For me, it's significant that nearly all the casinos I remember from those childhood Vegas trips have been imploded---I think only Circus Circus and the Tropicana are left. It's a symbol of how today's Vegas is definitely not what it was twenty-five years ago. When we stopped there last month, I'd not been to Vegas for three years. I'd heard that it wasn't family-friendly anymore---I watch C.S.I., of course! I knew the new "What Happens in Vegas..." slogan. But honestly, I was so not prepared for just how truthful those things are. It's definitely not a family destination any longer.
Of course, I remember seeing those people on the Strip, passing out the brochures and fliers with the scanty panty girls. There were a few billboards with showgirls on them. I know it's always been sin city. And honestly, it's hard to shock me. But the amount and the intensity of the skin everywhere in Vegas---well, it managed to shock me. Mostly because my kids' eyes were constantly surprised. I think I've taught them to be fairly observant, so they didn't overlook the giant posters advertising nudie shows and erotica. They saw it and it made them uncomfortable. Which sounds preachy of me, I guess. It's not so much that it exists, but just that I don't want them to see it all.
So here's my new opinion of Vegas. (I should add that by "Vegas" I mean the tourist part of Vegas; I know lots of people who live there and love the non-touristy parts.) I think it's like Disneyland for adults. Is there any other city you can think of that you visit JUST to go to the tourist part? If you go anywhere else, you mingle more with people who live there. New Yorkers see the Statue of Liberty every day, right; San Franciscans cross the Golden Gate Bridge during their commutes. But no one lives on the strip. It's a strange community of tourists. And it is definitely for adults, with adult pleasures around every corner. (Although, turning the corner to the lion habitat at the MGM Grand was a great moment for my three Bigs.) The Vegas of my memory has imploded and is now just dust.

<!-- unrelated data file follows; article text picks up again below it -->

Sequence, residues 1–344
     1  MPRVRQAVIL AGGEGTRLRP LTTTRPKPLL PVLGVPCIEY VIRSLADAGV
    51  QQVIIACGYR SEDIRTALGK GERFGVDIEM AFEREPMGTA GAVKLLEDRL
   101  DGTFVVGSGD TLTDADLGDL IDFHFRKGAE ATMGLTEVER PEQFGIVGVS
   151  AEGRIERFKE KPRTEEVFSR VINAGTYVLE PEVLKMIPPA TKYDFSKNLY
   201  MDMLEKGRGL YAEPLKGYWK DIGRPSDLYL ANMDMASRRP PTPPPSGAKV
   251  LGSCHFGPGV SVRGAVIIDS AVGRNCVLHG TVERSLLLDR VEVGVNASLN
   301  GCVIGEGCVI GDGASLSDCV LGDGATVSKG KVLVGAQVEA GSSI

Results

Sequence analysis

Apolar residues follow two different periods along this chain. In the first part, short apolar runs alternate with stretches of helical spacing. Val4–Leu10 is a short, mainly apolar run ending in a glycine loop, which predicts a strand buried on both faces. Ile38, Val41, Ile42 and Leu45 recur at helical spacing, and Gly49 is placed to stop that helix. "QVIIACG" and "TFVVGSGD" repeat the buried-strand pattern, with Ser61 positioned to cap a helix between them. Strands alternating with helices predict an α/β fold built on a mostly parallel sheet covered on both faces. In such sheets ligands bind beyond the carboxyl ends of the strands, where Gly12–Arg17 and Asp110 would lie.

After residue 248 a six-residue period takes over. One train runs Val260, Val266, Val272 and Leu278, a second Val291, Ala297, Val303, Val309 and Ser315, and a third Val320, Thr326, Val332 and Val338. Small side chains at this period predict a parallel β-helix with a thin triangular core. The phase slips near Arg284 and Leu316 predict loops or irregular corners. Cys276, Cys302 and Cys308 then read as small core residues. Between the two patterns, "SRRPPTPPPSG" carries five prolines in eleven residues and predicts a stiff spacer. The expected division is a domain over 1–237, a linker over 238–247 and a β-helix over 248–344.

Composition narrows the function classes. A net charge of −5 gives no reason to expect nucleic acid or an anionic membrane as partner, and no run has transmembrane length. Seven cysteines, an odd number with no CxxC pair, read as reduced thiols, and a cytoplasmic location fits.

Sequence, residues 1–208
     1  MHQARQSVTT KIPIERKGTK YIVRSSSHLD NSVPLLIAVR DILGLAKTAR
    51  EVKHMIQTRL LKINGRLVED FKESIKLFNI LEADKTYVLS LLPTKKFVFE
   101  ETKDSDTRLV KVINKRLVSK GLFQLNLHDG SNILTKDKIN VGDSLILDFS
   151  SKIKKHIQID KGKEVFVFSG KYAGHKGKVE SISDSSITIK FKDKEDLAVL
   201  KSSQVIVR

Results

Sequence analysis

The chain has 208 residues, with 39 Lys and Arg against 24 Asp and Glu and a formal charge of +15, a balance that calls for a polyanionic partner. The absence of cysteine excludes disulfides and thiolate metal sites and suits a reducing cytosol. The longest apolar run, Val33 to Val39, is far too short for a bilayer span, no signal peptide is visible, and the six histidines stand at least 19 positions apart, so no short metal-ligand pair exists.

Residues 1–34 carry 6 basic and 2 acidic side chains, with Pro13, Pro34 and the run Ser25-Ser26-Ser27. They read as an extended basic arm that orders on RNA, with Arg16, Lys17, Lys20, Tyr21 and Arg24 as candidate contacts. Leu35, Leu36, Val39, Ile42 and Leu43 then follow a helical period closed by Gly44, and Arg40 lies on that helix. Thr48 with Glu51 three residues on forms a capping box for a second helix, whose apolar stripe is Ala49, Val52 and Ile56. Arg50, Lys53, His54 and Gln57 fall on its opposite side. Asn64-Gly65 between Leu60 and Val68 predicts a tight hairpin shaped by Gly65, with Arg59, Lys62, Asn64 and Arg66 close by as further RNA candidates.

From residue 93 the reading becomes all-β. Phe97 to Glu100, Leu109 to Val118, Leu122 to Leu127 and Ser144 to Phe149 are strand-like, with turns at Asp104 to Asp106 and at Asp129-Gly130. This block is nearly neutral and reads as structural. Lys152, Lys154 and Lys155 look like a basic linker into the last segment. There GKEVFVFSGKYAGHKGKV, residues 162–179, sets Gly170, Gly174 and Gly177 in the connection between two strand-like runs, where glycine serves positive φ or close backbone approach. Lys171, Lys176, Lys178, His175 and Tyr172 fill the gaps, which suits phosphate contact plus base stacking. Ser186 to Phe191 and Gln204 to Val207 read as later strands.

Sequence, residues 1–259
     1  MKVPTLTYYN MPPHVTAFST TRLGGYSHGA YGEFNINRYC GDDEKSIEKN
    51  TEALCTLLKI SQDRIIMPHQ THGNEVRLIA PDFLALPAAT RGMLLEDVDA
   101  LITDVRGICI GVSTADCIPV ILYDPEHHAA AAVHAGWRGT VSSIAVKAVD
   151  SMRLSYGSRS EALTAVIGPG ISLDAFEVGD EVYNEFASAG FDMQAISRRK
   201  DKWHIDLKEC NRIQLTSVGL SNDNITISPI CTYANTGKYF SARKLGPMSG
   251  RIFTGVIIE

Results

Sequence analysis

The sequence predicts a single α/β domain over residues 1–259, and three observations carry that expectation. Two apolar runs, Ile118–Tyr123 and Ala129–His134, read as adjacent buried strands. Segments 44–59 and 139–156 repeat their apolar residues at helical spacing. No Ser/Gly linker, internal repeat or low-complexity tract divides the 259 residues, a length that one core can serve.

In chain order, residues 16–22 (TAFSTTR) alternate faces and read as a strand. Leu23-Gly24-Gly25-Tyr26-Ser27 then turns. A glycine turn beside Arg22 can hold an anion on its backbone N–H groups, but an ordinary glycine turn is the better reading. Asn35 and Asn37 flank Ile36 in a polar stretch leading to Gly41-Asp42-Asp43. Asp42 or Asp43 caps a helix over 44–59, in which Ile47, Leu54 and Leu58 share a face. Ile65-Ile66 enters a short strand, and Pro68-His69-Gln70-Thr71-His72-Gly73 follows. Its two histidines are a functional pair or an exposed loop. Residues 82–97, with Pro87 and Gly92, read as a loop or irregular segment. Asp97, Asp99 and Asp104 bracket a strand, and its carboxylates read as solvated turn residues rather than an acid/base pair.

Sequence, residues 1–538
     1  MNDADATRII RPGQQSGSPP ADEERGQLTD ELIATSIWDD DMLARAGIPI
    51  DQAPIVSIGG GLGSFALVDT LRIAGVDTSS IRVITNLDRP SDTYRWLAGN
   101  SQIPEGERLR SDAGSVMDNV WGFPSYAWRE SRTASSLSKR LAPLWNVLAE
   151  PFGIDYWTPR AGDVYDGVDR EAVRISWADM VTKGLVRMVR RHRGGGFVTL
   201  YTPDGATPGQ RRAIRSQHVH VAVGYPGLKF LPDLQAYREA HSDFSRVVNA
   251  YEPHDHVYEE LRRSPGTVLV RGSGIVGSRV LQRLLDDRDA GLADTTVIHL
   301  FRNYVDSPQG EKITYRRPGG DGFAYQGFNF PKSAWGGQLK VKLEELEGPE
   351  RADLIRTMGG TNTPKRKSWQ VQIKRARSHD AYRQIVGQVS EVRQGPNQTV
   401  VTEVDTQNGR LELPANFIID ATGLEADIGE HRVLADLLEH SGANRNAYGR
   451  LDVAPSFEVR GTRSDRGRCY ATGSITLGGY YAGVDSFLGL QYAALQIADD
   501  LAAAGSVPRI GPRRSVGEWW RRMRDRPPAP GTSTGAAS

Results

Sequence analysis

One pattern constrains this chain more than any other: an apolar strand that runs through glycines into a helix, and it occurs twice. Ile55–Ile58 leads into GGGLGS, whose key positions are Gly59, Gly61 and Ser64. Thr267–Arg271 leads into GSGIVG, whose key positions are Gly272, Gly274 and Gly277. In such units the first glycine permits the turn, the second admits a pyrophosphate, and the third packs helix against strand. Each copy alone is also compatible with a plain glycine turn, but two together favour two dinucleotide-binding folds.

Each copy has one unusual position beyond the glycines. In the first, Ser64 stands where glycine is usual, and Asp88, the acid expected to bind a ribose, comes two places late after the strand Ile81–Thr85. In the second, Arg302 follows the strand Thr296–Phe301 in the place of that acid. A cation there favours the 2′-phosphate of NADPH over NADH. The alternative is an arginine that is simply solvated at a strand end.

The last year I taught high school, I had four pregnant teenagers as students. (Side Note: There were also four other teachers who were pregnant, so I was surrounded by all these girls/women pregnant with their first babies, who all had cute little bellies, and there I am, Mother-Earth-like, pregnant with my fourth and simply ENORMOUS, which was just embarrassing.) None of them ever asked for my advice, and I didn't feel like I could just offer it up unrequested. But as I listened to them talk about preparing for their babies---prenatal classes and baby showers and shopping excursions to BabyGap---what I wanted to tell them is this: you think you're having a baby, but you're not. You're having a person. The baby thing is fun, but it's a small, fast time in their lives.
I wouldn't have meant that in a judgmental way; I wasn't judging them. More than anything, I was saying it to myself, too, because Kaleb was the baby I most yearned for. The one who I got because I wasn't just baby hungry, I was baby starving. In the years before I got pregnant with him, I'd find myself standing in the baby section at the Gap, trying not to cry; I'd stare at pregnant women like some sort of creepy stalker. I wanted a baby so badly. Once I finally got pregnant, though, it was a complex one. Not medically but emotionally. I had to relearn all over again: he wasn't just a baby, he was a person.